Phil Hughes was a bright spot winning 18 games and an All-Star selection in his first full season as a starter. But the 24-year-old faded after the break: 7-6 with one victory in relief.
One side effect from not winning the Lee sweepstakes and Pettitte's departure: New York will open the season with a payroll less than $200 million for the first time since 2007.
Too late to secure another topflight free agent, Cashman went cheap, bringing in aging All-Stars Freddy Garcia and Bartolo Colon to compete with youngster Ivan Nova and Sergio Mitre for the final two spots in the rotation.
Nova, who was impressive in a short stint down the stretch last season (1-2, 4.50 in 10 games, seven starts), won the No. 4 job.
"We didn't know what Nova was going to do," manager Joe Girardi said. "Obviously, we had expectations."
Garcia, who won 12 games last year and 17 overall since 2006 because of injuries, edged Colon, out of baseball since the end of July 2009, for the final spot. Colon, the 2005 AL CY Young winner, will begin the season as the long man out of a solid bullpen.
"Bartolo is a guy that we think can do a lot of things in our bullpen, or if needed, a spot start," Girardi said. "Not asking him to throw 200 innings might be easier on him physically."
The starters may have the luxury of only needing to give six solid innings, though. The Yankees have a formidable bullpen.
New York added lefty specialist Pedro Feliciano (92 appearances with the Mets in '10) but he will miss the first two weeks because of upper arm soreness. Boone Logan is the other lefty.
Right-handers Dave Robertson and Joba Chamberlain, who increased his velocity this spring by adjusting his hand placement at the start of his delivery, will get the ball to Soriano (45 saves last season) in the eighth inning before the 41-year-old Rivera jogs in to "Enter Sandman" in the ninth. Rivera signed on for two more years and needs 43 saves to surpass recently retired Trevor Hoffman's total of 601 as the all-time save leader.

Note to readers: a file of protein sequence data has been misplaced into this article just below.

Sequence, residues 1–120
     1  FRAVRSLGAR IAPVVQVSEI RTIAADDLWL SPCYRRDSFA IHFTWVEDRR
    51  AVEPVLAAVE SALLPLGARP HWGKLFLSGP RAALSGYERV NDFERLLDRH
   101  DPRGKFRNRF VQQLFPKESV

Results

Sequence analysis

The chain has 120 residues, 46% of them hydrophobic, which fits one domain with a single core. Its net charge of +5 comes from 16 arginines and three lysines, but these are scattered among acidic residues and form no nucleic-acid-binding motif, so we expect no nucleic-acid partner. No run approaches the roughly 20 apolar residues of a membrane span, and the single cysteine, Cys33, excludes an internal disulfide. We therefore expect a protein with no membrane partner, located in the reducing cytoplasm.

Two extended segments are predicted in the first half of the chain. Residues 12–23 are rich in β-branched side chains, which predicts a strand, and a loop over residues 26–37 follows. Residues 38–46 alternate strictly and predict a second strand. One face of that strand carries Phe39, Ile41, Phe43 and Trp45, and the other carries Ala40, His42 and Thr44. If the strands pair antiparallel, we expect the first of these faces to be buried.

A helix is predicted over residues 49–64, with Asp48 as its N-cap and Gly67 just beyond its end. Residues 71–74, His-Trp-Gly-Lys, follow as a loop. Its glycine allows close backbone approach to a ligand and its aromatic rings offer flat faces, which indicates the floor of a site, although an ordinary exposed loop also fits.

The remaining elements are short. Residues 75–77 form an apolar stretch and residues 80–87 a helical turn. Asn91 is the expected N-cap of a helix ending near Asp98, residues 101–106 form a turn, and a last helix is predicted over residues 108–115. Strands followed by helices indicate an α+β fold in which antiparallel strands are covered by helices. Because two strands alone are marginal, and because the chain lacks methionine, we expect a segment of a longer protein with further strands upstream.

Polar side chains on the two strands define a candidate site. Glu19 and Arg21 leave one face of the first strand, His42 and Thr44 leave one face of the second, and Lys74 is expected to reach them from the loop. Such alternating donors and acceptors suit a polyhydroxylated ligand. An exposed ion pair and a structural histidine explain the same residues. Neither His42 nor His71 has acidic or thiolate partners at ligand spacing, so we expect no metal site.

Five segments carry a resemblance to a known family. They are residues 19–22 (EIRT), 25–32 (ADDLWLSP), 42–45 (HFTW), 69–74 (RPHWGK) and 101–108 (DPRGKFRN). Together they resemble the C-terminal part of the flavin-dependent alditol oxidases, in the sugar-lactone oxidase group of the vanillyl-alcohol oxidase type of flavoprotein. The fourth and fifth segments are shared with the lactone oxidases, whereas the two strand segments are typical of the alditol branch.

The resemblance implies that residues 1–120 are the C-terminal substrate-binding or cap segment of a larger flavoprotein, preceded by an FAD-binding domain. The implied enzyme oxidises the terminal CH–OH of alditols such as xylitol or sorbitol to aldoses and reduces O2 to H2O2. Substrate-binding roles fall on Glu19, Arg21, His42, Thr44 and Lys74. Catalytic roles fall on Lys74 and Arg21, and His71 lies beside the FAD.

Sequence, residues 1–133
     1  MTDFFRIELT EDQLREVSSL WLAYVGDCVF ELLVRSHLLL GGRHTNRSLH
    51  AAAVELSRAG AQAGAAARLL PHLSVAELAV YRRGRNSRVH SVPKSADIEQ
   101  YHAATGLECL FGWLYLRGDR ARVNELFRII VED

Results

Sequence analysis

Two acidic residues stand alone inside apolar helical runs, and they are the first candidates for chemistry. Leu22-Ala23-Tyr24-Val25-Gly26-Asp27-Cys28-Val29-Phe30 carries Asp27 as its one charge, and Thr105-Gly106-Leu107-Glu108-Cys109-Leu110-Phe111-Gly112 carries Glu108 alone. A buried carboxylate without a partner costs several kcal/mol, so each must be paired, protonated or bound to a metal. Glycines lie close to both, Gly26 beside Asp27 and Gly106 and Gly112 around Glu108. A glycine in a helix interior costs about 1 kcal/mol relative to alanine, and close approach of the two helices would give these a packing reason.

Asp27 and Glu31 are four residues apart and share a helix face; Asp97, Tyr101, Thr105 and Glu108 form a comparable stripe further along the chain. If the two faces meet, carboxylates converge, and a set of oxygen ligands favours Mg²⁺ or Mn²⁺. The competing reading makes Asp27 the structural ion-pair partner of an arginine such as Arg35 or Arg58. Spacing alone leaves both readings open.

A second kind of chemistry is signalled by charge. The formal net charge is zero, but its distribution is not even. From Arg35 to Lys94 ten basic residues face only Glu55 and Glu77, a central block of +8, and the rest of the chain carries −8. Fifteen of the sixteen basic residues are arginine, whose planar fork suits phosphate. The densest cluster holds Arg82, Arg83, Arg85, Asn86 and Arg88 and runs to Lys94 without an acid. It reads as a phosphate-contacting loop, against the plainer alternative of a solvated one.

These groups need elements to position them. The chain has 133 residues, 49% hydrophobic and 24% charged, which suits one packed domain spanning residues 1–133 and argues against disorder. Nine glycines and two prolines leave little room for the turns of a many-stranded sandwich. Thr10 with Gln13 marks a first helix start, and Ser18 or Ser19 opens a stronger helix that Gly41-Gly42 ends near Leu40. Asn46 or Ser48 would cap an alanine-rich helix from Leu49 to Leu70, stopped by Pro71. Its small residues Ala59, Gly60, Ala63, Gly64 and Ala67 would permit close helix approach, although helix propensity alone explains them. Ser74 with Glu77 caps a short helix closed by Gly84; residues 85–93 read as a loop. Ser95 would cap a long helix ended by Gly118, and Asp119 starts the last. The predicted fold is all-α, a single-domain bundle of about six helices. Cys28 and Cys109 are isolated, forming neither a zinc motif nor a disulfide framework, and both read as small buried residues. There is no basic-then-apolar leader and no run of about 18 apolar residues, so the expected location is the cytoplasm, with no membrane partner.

"A lot of times in the season you're going to have to battle, you don't have your best stuff." Hughes said, "You have a bullpen like we do and the losses you normally get turn to wins."
With Boston beefing up an already potent offense and the Yankees' pitching woes, New York will need increased production out of an offense that led the majors in runs and on-base percentage last year and remains virtually unchanged.
They might get it based on the springs that Jeter and Alex Rodriguez had.
The 36-year-old Jeter appears to finally be adapting to his new strideless swing, and A-Rod, with a clean bill of health from his hip surgeon, came into camp trimmer and moving better than he had since having surgery in 2009.
"The one thing I have noticed with (hitting coach Kevin Long) is I am a lot more consistent in the cage, more fluid and crisp," said Rodriguez, who hopes to play 150 games this year.
Jorge Posada is adjusting to his new job as the full-time designated hitter, and newcomer Russell Martin takes over behind the plate. Two former Gold Glovers, infielder Eric Chavez and outfielder Andruw Jones will have primary bench roles if they can stay healthy.
"We're not conceding anything. We look forward to going up against everybody, Cashman said. Just because (Boston's) the hunted, doesn't mean they can't be taken down."